The Sun seems hungry for prejudice writers

Freelance writers looking to get published in The Sun could do a lot worse than turn in a piece on prejudice, a competition run by the red-top suggests.

Announcing the topics of six shortlisted writers, who entered the tabloid’s Column Idol competition, the paper said they included ‘what it’s like to be in a wheelchair’, ‘racism and religious stereotypes’, and ‘why calling someone ginger shouldn’t be an insult.’

These are apparently the cream-of-the crop issues concerning youngsters today, given that they were picked out by the Sun’s editorial team from 500 writers, aged between 18 and 25, who jostled to address a topic of their choice in print.

In fairness to all competition entrants, they were only asked to “listen to what people are talking about in the supermarket and down the pub – this is where your best ideas will come from.”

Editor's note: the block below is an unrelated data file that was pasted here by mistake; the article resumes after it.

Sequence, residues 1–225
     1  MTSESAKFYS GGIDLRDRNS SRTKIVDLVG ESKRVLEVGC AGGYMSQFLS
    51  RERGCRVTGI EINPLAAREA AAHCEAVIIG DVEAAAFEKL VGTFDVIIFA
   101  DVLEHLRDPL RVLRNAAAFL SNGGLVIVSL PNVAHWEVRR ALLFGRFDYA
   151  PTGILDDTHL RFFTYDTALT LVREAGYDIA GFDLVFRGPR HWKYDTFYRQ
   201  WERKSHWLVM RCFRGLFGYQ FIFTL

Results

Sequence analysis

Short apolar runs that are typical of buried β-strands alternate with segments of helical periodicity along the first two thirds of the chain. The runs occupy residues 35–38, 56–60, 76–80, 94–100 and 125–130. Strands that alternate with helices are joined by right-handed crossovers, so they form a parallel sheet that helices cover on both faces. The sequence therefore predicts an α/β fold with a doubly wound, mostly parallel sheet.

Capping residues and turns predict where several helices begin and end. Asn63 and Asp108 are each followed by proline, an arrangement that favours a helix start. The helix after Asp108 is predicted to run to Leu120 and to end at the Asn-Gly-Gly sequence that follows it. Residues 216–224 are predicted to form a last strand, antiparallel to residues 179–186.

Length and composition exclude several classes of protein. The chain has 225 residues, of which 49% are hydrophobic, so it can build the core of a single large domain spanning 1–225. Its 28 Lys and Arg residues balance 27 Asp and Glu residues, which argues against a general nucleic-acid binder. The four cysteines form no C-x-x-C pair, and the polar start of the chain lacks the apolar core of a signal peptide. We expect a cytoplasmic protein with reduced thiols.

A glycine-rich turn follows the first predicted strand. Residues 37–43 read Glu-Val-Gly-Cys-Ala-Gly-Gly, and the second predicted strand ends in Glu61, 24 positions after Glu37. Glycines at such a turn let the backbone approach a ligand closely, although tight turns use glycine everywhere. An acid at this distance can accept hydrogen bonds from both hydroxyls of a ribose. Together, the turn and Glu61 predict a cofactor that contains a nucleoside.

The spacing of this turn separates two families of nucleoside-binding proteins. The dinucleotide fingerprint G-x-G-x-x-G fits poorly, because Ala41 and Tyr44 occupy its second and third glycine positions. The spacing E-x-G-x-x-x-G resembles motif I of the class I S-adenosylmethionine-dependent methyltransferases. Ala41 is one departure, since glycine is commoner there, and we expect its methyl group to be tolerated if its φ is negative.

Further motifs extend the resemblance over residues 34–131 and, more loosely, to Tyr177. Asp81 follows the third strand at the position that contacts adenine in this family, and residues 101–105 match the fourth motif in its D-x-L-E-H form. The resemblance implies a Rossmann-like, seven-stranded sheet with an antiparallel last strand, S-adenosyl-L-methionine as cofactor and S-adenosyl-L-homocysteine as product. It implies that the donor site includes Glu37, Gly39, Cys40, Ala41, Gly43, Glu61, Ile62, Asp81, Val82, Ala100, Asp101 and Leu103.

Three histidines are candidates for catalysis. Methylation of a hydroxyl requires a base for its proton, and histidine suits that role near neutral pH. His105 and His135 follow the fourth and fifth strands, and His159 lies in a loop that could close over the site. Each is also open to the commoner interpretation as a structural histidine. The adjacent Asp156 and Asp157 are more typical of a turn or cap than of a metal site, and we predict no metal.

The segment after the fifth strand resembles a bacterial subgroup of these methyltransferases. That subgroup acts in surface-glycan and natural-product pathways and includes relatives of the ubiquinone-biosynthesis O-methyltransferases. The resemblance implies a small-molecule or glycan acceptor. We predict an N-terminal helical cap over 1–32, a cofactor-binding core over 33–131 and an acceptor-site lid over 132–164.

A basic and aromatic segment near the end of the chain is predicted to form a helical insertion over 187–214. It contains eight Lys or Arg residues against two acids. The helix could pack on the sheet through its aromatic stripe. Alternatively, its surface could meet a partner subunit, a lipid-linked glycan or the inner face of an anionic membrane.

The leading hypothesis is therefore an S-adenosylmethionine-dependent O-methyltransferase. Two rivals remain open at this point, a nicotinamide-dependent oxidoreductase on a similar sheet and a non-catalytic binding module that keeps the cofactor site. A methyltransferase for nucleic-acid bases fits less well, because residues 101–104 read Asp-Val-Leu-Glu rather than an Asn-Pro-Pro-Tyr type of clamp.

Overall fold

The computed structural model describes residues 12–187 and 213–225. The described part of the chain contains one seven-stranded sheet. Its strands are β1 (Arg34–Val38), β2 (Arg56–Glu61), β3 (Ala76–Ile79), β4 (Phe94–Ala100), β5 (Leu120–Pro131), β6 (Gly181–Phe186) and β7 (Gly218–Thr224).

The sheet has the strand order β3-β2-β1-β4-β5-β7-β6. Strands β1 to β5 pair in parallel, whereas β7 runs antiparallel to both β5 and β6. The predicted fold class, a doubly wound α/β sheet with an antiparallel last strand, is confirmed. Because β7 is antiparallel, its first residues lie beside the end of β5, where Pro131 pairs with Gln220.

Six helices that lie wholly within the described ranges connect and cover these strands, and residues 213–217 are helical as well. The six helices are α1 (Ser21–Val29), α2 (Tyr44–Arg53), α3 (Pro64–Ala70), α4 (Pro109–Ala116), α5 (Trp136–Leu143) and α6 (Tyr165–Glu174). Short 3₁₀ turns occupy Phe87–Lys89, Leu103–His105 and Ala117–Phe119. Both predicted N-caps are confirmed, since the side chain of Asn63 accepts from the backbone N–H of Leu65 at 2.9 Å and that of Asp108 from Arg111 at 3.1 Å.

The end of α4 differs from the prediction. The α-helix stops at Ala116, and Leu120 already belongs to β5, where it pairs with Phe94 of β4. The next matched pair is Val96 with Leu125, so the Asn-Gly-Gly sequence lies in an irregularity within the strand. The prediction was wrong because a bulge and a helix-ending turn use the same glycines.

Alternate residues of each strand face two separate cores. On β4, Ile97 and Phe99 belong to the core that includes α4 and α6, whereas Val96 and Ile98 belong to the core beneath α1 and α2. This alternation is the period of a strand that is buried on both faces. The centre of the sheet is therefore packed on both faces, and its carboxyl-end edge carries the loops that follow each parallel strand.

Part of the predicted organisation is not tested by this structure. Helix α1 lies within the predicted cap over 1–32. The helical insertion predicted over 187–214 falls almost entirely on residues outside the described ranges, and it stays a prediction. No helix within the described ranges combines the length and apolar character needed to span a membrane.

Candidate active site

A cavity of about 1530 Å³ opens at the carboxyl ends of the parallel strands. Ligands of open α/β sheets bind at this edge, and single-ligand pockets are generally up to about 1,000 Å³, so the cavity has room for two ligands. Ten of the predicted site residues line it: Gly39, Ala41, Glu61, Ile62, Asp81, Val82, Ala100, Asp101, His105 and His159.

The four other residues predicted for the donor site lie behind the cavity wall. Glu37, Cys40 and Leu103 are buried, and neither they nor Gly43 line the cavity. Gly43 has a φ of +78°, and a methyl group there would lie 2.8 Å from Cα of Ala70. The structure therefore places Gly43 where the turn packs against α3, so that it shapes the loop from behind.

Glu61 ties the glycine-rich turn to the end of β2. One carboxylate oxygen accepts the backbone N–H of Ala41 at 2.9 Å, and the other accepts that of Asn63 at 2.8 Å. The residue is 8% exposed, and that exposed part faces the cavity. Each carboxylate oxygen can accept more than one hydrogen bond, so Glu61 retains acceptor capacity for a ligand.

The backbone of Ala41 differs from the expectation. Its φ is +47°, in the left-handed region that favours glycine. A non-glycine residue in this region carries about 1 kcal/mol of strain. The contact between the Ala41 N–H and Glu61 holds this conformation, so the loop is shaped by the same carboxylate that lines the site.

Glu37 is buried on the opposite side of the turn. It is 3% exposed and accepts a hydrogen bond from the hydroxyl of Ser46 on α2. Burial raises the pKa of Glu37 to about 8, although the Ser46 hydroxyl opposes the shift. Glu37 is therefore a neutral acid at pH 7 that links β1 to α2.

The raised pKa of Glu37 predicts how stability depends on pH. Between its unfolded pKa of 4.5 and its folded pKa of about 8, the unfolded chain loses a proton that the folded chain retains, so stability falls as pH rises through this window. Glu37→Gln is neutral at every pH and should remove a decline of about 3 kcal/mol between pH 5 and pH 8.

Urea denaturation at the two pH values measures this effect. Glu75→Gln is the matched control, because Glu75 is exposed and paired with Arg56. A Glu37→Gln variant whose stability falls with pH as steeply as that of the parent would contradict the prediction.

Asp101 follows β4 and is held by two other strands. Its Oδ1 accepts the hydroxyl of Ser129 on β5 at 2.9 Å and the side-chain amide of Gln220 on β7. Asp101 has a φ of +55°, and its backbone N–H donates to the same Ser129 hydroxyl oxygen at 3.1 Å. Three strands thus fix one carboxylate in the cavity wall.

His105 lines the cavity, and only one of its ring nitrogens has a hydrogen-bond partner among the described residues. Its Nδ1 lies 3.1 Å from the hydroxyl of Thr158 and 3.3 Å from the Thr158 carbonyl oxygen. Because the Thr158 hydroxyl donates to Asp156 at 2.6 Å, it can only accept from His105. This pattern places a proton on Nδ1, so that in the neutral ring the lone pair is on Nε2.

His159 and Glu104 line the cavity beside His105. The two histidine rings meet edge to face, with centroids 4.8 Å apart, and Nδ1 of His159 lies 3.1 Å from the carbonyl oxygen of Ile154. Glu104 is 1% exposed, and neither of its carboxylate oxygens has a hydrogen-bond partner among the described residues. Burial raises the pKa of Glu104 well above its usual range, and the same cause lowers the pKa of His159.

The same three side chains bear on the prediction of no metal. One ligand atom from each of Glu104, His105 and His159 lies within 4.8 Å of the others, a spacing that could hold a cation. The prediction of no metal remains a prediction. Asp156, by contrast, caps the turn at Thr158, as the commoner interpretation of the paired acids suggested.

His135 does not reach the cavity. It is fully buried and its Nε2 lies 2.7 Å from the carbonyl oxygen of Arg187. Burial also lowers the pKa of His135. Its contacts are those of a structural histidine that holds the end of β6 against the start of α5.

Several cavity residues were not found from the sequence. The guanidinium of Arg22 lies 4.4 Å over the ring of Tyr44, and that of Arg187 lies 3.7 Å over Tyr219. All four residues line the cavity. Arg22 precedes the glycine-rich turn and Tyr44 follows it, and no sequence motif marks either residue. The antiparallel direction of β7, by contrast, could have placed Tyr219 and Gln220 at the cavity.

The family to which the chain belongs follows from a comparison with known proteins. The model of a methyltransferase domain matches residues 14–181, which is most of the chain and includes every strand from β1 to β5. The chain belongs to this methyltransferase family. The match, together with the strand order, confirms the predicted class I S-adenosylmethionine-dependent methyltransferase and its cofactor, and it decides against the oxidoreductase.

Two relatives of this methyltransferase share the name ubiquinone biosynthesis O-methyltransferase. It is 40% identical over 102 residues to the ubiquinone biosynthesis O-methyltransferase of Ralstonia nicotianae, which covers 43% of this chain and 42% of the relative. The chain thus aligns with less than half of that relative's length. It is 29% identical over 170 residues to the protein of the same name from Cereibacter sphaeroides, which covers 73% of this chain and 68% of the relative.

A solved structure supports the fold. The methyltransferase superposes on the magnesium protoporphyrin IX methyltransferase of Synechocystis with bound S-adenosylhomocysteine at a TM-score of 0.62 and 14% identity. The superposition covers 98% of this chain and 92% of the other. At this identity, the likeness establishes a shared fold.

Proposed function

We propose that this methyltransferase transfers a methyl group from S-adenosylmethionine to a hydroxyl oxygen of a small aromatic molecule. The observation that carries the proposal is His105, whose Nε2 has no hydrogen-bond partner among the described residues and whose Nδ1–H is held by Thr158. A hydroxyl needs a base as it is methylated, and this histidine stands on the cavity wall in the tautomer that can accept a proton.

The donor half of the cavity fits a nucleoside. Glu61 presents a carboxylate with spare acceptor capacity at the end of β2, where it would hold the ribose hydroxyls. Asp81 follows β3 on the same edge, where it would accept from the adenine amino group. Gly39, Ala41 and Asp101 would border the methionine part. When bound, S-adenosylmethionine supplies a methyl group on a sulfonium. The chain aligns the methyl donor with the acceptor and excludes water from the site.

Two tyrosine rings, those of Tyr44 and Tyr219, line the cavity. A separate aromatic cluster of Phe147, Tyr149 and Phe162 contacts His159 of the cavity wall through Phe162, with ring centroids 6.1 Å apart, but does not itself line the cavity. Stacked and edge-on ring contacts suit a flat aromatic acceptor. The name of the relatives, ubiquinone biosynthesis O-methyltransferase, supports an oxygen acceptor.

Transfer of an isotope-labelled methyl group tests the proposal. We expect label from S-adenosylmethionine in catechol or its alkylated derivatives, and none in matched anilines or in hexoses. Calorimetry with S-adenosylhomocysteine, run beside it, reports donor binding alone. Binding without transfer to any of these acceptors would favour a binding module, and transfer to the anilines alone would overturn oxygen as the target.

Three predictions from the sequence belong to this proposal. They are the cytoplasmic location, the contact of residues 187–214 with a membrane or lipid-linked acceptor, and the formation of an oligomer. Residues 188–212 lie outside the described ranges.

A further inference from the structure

The tip, from Sun columnist Katie Price, was presented in the call for entries, alongside other advice like “make sure you know who your readers are and what their lives are like,” – not easy to do with a title that boasts six million readers.

All the shortlisted writers, whose topics also include young parenting and social mobility, have been paired with Sun journalists to develop their column idea which, if they win, will be printed in the paper this autumn.


10th September 2012

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